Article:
Lemon Myrtle Leaf (ground)
Add the sensational taste of the native rainforest Lemon Myrtle to your recipes.
Intense pure lemon flavor, without the acid of citrus. Lemon myrtle has anti-viral, anti-bacterial and anti-fungal properties, but it is just plain delicious.
Use in dishes such as stir-fry and Asian curries as a substitute for lemongrass.
It can also be used as a lemon flavor replacement in milk-based foods, such as cheesecake, lemon flavored sorbet and ice cream without the curdling problem associated with lemon fruit acidity.
Add towards the end of cooking, so it is not cooked for more than 10-15 minutes, as any longer than this will destroy the delicate lemon notes.
Lemon Myrtle must be used sparingly, about ½ a teaspoon for a pound of meat or vegetables; otherwise the camphor-like eucalyptus taste will dominate.
One of the most useful of the Australian native herbs and spices, Lemon Myrtle has a delicious lemongrass-like flavor and aroma of lemon verbena. Lemon Myrtle is endemic to subtropical rainforests of central and south-eastern Queensland, Australia, with a natural distribution from Mackay to Brisbane. Lemon myrtle is one of the well-known bush food flavors and is sometimes referred to as the "Queen of the lemon herbs".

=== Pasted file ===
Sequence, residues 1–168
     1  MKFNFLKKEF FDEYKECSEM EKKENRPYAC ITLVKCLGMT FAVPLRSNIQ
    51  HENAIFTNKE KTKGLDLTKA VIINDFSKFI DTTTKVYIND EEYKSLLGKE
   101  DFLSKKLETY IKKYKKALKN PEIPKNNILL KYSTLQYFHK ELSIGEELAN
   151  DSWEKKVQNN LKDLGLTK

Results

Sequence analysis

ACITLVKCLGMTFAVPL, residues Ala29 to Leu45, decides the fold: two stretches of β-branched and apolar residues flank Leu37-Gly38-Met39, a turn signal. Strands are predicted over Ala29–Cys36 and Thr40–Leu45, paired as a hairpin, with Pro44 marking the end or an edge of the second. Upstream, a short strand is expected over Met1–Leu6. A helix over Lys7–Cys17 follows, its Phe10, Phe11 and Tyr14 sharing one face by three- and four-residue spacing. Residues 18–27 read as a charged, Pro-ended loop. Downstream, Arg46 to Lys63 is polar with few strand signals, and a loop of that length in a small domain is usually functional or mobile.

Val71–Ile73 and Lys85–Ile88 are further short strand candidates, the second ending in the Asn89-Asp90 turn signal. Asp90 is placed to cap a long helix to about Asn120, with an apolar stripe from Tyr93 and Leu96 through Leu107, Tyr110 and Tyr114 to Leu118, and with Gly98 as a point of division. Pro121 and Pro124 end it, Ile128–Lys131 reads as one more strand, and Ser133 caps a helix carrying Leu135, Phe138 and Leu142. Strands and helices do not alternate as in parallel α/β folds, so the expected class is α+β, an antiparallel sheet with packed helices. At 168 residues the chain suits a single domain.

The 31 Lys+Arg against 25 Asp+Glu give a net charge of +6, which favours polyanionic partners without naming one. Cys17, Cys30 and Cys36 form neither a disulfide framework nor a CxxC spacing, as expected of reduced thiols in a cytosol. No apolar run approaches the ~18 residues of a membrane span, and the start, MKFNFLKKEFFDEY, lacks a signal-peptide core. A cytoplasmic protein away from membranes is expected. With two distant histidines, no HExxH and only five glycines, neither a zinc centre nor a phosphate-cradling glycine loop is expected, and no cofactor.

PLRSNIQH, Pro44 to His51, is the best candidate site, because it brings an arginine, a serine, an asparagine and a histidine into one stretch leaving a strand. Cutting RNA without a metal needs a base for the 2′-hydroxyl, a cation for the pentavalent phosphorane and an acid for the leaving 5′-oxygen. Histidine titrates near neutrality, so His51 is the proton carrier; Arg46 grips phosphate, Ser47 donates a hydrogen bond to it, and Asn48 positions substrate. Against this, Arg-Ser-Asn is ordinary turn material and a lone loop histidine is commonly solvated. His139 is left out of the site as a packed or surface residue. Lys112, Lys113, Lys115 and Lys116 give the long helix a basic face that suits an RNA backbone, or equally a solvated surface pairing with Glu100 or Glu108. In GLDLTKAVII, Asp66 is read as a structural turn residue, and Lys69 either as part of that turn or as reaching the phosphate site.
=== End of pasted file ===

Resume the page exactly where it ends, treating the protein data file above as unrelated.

The leaf is often used as dried flakes, or in the form of an encapsulated flavor essence for enhanced shelf-life. It has a range of uses, such as lemon myrtle flakes in shortbread; flavoring in pasta; whole leaf with baked fish; infused in macadamia or vegetable oils; and made into tea, including tea blends.
Health Benefits: The dried leaf has free radical scavenging ability. In traditional medicine, this herb was an important natural antibiotic for centuries by the Australian Aborigines. In modern studies the essential oil has a higher anti-microbial rating than tea tree oil yet at the same time it is gentler to the skin.
Lemon myrtle possesses antimicrobial properties, and may be used topically and internally as a disinfectant, and for immune support.